Senate Budget Resolution Abolishes DOC, OTA; Cuts NSF, NASA, DOE

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Publication date: 
10 May 1995

"I'm present the first balanced budget in about 25
      --Sen. Pete Domenici

Yesterday, Chairman Pete Domenici (R-NM) of the Senate Budget
Committee released his committee's version of a plan to balance the
federal budget by 2002.  The plan would make a total reduction of
$961 billion to projected spending over the next seven years.  In
announcing the resolution, Domenici remarked, "It responds to the
unequivocal expressed American public majority that wants a
balanced budget."

To achieve this reduction, the budget resolution includes the
"gradual" elimination of the Department of Commerce and many of its
functions; the abolishment of the Office of Technology Assessment;
and cuts below the current level of spending for programs under the
General Science, Space and Technology budget function.  This budget
function includes NASA, DOE's basic research programs, and NSF.
Under the Senate plan, NSF would experience a $100 million
reduction in research funding over the seven years, and be
instructed to "refocus on its original mission of basic scientific
research."  Academic infrastructure and major research equipment
would also be cut.  An expected $2.7 billion would be saved by NASA
management reforms, and the plan endorses the "President's freeze
and reduction in outyears in DOE research."

The gradual elimination of the Department of Commerce is expected
to "eventually" save over $1 billion per year.  Commerce activities
that would be relocated within the federal government include the
Patent and Trademark Office, the Bureau of the Census, the Bureau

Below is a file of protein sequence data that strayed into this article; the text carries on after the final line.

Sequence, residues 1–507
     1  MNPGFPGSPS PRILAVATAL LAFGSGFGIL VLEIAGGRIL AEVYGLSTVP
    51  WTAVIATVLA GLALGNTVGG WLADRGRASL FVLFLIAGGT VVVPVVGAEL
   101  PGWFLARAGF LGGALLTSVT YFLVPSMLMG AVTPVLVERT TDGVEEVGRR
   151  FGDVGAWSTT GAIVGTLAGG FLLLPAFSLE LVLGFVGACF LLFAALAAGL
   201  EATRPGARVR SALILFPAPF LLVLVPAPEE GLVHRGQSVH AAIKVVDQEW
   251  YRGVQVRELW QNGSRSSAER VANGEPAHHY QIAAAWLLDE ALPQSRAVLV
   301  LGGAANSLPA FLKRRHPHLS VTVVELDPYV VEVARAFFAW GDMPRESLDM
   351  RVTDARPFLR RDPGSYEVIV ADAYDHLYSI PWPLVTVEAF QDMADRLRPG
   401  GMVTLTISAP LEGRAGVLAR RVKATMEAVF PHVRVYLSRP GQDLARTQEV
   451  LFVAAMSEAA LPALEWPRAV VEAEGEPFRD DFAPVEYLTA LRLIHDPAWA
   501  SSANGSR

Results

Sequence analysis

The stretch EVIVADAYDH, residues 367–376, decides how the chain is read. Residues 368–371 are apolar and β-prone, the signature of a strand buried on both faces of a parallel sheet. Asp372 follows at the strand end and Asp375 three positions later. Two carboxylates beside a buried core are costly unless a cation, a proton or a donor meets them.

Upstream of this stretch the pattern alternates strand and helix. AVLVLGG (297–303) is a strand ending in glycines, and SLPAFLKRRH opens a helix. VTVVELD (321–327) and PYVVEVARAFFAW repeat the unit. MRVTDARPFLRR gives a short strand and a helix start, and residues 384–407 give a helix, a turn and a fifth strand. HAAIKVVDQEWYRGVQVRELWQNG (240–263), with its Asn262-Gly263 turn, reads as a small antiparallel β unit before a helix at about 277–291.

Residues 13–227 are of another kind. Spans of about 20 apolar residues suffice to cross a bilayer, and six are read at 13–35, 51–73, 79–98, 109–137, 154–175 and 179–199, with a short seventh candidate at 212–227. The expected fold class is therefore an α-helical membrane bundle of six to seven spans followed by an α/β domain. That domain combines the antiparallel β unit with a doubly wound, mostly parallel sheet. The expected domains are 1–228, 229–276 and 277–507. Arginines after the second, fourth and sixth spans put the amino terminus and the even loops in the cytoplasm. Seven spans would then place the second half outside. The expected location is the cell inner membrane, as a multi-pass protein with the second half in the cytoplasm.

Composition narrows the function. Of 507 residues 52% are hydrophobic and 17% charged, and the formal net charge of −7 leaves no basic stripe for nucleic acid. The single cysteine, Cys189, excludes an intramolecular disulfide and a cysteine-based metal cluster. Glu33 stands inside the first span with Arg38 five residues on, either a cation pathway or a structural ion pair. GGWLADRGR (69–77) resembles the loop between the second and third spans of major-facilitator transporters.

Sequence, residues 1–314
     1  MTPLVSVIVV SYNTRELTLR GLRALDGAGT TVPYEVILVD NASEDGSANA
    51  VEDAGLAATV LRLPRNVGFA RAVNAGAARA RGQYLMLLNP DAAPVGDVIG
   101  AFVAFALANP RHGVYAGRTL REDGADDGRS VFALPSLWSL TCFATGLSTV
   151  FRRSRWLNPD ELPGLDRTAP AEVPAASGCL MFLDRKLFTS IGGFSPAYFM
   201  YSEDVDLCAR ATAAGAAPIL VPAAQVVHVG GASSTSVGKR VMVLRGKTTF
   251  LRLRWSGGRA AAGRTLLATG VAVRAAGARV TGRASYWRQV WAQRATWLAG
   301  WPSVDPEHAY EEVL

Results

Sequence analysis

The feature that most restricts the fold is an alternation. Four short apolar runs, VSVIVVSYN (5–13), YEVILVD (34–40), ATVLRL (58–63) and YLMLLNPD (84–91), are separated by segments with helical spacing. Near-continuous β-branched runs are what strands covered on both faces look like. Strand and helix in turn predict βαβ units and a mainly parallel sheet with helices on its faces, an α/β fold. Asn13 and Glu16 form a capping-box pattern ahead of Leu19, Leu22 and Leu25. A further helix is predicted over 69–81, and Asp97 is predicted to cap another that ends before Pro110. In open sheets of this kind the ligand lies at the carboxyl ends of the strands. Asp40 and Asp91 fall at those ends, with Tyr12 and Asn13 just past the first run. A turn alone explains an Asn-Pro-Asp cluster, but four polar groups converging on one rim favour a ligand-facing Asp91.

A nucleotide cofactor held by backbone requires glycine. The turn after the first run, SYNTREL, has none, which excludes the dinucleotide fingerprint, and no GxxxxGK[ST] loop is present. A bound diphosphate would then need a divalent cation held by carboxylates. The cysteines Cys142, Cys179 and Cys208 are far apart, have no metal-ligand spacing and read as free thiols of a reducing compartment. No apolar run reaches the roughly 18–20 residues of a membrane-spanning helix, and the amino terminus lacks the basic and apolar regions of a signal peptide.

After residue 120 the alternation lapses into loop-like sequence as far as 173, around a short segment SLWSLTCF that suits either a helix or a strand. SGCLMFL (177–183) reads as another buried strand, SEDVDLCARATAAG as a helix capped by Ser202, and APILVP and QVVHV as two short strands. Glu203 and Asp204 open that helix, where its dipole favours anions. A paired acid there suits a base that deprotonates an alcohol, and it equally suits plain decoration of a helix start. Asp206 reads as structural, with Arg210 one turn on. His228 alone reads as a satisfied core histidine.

of Economic Analysis, most of the Export Administration, and the
National Oceanic and Atmospheric Administration (NOAA), although
NOAA funding would be reduced by five percent.  The section on
Commerce makes no mention of the National Institute of Standards
and Technology (NIST), but states, "the rest of the department's
activities in this function are not crucial responsibilities of the
federal government or else duplicate responsibilities that are
handled by other federal agencies."

Domenici's plan would achieve much of its savings by slowing the
growth of entitlement programs (including Medicare and Medicaid,
but not Social Security).  Defense spending would decline for a
period, then return to its current level, as proposed by the
Clinton Administration.  A seven-year total of $190 billion would
be saved from non-defense discretionary spending, which includes
General Science, Space and Technology.  For programs in this
category, the plan assumes a baseline of current (FY 1995) spending
for seven years, without considering such factors as inflation.
According to the Washington Post, if inflation over that period is
taken into account, the non-defense discretionary cuts would total
$446 billion.  The Senate Budget Committee does not provide any tax
cuts, but allows for future tax cuts once the Congressional Budget
Office has certified that the budget is firmly on a path toward

Later this week, the House Budget Committee, chaired by John Kasich
(R-OH), will release details of its version of the budget
resolution.  Future FYIs will provide more details on that plan.

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